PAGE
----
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Rising Through The Ranks: Lucy Luna

September 3, 2020
5 min read time

Every day is the same for Lucy Luna, a writer on CBS’s new show All Rise: Wake up in her Los Angeles apartment at seven am, work out, shower, and have breakfast by 10 am, at which time she makes the long commute to her desk to open her laptop and prep for that day’s writers’ room via Zoom with her fellow staff writers. It’s a new and unique experience for a lot of writers since the COVID-19 pandemic hit, but this 30-year-old has learned to navigate life's uncertainties since beginning her career in Morelia, Mexico, where she was born and raised.

Luna comes from humble beginnings. Her single mother raised Luna in an area of Mexico with a strong Cartel presence. Feeling unsafe was a norm for this writer, who also frequently saw death and fear through her mother's career as a medical examiner. Luna often found herself near the dead—and at the local morgue. It was dark and sometimes spine-chilling, but had immense influence on Luna's soon-to-be life as a writer. It molded her into the horror writer she's become.

"I remember writing short horror stories and watching many horror movies," Luna says. "I also loved Mulan, Matilda, and The Parent Trap, but horror would give me something different. It's fascinating to see what fear does to people. Ultimately, it's a path to bravery, and I find that beautiful."

As Luna became interested in writing, she also began to fall in love with international films, particularly Spanish cinema. Once a year she would attend the Morelia International Film Festival, which she calls the best film festival in Mexico. Her mother also helped nurture her budding passion for cinema. Every weekend, she would take Luna to rent movies at Blockbuster, and even purchased her first book on screenwriting.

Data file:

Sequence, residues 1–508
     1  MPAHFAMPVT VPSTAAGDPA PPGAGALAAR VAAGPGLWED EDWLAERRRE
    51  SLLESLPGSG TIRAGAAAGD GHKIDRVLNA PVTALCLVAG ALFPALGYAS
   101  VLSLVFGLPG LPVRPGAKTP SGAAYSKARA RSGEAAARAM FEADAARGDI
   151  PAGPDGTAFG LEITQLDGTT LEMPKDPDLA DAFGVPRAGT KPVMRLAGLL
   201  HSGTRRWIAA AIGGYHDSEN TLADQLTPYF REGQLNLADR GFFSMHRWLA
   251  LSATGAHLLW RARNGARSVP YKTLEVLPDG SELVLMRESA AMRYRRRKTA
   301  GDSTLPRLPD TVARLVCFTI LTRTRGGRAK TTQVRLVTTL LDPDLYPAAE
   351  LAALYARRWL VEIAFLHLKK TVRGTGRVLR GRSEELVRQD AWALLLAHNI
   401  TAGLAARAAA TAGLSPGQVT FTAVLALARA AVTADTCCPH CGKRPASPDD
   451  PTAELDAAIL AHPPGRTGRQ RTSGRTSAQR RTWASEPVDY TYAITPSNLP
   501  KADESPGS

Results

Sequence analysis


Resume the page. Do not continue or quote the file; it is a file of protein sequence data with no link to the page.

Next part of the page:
Eventually, Luna would attend a university in Morelia, studying digital art. But her passion for film only continued to grow, and she realized she had to take a chance on her dream—and herself. Luna applied and got accepted to the New York Film Academy in Los Angeles. In 2014, she moved almost 2,000 miles away from home to Hollywood.

"I moved alone, with my wallet running thin and knowing absolutely no one in the U.S. It was an adventure, not always fun, but always rewarding," Luna says.

Luna participated in a one-year conservatory program that was very hands-on. She would write for four to eight hours a day and the students would also workshop their material in class. Her professors included working writers like Matt Harry (Seriously Funny Kids), Jerry Shandy (Batwoman), David O'Leary (Project Blue Book), and Nunzio DeFilippis (Arli$$).

"All of them impacted me and helped me hone my craft," Luna explains.

She graduated with around five scripts in her portfolio, two of which she continued to re-write after graduating. Those scripts opened many doors, including internships at management companies that provided an industry education. Once those were completed, Luna went back to Mexico, hoping that she'd be able to land a job in the world's entertainment capital. While there, she worked for Sony, translating scripts and a television show that didn't move forward.